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Ferroelectric Thin Films

Due to its unique properties – being a strongly correlated half-metal ferromagnet with a Curie temperature (TC) around room temperature – thin and ultra-thin epitaxial films of La1-xSrxMnO3 (LSMO) have been demonstrated to be a good candidate for multiferroic heterostructures when combined with ferroelectric substrates or ferroelectric thin films. An essential prerequisite for reliability of such multilayer systems is a good quality of the respective interfaces as the investigated effects, be it charge injection or strain effects, are interfacial phenomena.
Large-distance magnetron sputtering is a competitive alternative to other well-established PVD methods. In collaboration with Robert Kruk’s group, we have characterized the multiferroic thin films deposited in a custom made sputtering chamber from Createc Fischer GmbH. Transmission electron microscopy (TEM) and selected area electron diffraction (SAED) was performed on crosssections of representative samples to study their crystal structure and the interface between substrate and film. The chemical composition was analysed by energy dispersive X-ray spectroscopy (EDX) on TEM cross-sections.

 

1. Structure of La0.75Sr0.25MnO3 thin films sputtered on SrTiO3

TEM investigations confirm the excellent epitaxial growth of LSMO on STO, as can be seen in the Fig. 1.1. The dc-sputtered LSMO films grow perfectly cube-on-cube with identical lateral lattice constants. In the SAED pattern taken from the interface region including equal STO and LSMO areas, no distinguishable discrepancy was observed from film and substrate. The EDX and EELS spectra profiles confirm the good homogeneity of the elemental distribution in the film.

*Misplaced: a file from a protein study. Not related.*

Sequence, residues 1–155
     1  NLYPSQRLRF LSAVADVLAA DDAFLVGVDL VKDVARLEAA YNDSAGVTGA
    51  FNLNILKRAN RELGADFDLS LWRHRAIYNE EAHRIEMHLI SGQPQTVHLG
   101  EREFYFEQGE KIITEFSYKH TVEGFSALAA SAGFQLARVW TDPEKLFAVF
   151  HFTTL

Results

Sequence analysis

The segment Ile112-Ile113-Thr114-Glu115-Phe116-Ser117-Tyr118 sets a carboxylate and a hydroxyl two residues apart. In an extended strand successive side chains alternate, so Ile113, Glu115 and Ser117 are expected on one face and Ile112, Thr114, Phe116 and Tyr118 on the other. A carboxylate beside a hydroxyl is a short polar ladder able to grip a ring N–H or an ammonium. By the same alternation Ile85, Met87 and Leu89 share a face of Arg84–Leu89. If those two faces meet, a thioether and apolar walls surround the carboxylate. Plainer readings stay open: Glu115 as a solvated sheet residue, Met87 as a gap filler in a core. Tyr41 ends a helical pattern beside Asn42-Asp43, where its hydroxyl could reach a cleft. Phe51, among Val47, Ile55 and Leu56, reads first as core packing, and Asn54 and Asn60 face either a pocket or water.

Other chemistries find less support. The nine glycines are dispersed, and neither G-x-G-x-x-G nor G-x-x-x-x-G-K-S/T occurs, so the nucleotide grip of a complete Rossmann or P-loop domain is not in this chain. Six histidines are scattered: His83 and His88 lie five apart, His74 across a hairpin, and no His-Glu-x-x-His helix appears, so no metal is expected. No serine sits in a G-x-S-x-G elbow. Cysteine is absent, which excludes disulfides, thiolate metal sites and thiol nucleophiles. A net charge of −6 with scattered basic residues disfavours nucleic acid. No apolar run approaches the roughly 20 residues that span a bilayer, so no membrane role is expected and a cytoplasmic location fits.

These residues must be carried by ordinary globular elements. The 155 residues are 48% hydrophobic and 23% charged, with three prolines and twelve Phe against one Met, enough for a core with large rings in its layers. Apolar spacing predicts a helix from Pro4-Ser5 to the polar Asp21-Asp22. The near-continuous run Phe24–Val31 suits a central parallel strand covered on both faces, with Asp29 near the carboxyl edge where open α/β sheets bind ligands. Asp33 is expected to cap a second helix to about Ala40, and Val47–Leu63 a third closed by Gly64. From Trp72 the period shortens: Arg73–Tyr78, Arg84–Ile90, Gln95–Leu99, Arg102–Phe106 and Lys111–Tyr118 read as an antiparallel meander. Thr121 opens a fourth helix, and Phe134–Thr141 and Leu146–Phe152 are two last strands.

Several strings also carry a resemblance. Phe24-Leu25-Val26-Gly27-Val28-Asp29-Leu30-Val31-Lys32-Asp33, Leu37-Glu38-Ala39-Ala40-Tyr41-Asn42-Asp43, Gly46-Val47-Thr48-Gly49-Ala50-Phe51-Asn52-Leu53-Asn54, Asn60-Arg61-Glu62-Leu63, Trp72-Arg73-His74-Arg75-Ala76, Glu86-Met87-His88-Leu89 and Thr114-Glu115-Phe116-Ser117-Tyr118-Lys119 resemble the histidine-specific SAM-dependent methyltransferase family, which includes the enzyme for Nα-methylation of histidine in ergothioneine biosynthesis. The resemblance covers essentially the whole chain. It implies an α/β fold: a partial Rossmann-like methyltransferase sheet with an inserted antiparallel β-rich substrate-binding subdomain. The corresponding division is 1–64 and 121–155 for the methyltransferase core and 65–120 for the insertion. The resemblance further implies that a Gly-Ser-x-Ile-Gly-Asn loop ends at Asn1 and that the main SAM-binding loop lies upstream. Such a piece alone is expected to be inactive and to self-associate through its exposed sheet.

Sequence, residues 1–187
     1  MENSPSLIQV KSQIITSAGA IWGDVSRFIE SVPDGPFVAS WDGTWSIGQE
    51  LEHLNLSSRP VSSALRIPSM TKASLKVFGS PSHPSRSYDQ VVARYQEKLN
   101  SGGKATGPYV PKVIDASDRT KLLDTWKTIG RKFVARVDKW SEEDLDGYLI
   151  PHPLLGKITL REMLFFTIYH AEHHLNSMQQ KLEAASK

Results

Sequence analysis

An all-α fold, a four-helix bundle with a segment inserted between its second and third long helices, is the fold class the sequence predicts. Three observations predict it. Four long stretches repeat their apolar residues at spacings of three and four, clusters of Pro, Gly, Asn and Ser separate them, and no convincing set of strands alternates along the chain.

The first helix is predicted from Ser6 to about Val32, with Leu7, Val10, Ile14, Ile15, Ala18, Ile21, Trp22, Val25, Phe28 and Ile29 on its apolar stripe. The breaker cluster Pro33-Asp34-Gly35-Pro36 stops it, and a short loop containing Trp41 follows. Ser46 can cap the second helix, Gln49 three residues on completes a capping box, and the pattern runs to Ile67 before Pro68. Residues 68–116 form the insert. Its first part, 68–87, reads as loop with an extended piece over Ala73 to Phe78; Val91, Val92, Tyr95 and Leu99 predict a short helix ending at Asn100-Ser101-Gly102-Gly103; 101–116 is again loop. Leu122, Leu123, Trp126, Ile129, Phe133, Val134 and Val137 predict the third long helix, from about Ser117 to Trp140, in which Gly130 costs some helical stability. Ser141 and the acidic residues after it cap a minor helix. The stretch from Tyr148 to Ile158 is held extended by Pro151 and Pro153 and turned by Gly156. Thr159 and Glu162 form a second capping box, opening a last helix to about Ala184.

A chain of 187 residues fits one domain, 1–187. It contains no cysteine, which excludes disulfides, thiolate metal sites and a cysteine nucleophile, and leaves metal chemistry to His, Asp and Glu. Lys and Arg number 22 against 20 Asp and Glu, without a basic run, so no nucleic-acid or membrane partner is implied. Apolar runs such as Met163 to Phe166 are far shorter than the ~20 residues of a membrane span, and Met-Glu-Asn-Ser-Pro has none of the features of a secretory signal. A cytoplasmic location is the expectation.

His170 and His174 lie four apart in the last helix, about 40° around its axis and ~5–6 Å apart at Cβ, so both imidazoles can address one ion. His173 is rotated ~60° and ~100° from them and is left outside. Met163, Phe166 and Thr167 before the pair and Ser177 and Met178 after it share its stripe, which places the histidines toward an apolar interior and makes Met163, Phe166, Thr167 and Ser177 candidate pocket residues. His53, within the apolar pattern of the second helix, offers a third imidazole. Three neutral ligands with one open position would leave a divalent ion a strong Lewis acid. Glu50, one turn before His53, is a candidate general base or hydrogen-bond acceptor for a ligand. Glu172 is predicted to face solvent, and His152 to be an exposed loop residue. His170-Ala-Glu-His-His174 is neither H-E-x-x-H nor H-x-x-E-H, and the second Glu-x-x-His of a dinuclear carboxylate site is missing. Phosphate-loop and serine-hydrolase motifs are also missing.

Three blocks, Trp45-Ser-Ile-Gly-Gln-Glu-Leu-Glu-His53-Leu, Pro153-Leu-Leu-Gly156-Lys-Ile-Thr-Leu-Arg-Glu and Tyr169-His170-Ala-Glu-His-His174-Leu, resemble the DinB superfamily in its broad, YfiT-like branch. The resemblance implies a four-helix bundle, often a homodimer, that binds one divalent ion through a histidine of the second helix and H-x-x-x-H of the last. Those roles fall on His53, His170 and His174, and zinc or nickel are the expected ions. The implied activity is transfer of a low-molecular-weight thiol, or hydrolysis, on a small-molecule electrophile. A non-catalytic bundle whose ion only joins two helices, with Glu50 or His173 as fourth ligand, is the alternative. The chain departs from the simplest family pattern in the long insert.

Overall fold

STO-LSMO - HRTEM, HRSTEM, SAED

Fig. 1.1 HRTEM, STEM and SAED images of dc-sputtered LSMO on STO

 

LSMO-STO STEM-EELS/EDX

Fig. 1.2 STEM/EDX-EELS spectra profiles

 

 

2. Structures of epitaxial LSMO/PZT heterostructures

A 6.5 nm thick LSMO layer can be grown epitaxially on the STO substrate without defects at the interface. At the interface between LSMO and PZT, there are 2-3 PZT unit cells with a laterally compressed lattice epitaxially deposited on LSMO (Figure 2.1a). On top of this thin layer, different types of defects were observed to relax the lattice strain in the PZT layer. The defects include extended edge dislocation and highly disordered domains (Figure 2.1b), which lead to the large leakage current. The crystallinity is believed to be highly related tothe ferroelectric property of the material.

STO-LSMO-PZT - HRSTEM

Fig 2.1 HAAD STEM images of a) 6.5 nm LSMO coherently deposited on STO substrate without defect at the interface. Two atomic layers of PZT were found coherently grown on LSMO; b) highly disordered domain in PZT layer and an extended dislocation on the PZT/LSMO interface.

 

Details to this work have been published at

  • P.M. Leufke, A.K. Mishra, A. Beck, D. Wang, C. Kübel, R. Kruk, "H. Hahn, Large-distance rf- and dc-sputtering of epitaxial La1−xSrxMnO3 thin films", Thin Solid Films. 520 (2012) 5521–5527.
  • P.M. Leufke, R. Kruk, D. Wang, C. Kübel, H. Hahn, "Ferroelectric vs. structural properties of large-distance sputtered epitaxial LSMO/PZT heterostructures", AIP Advances. 2 (2012) 032184.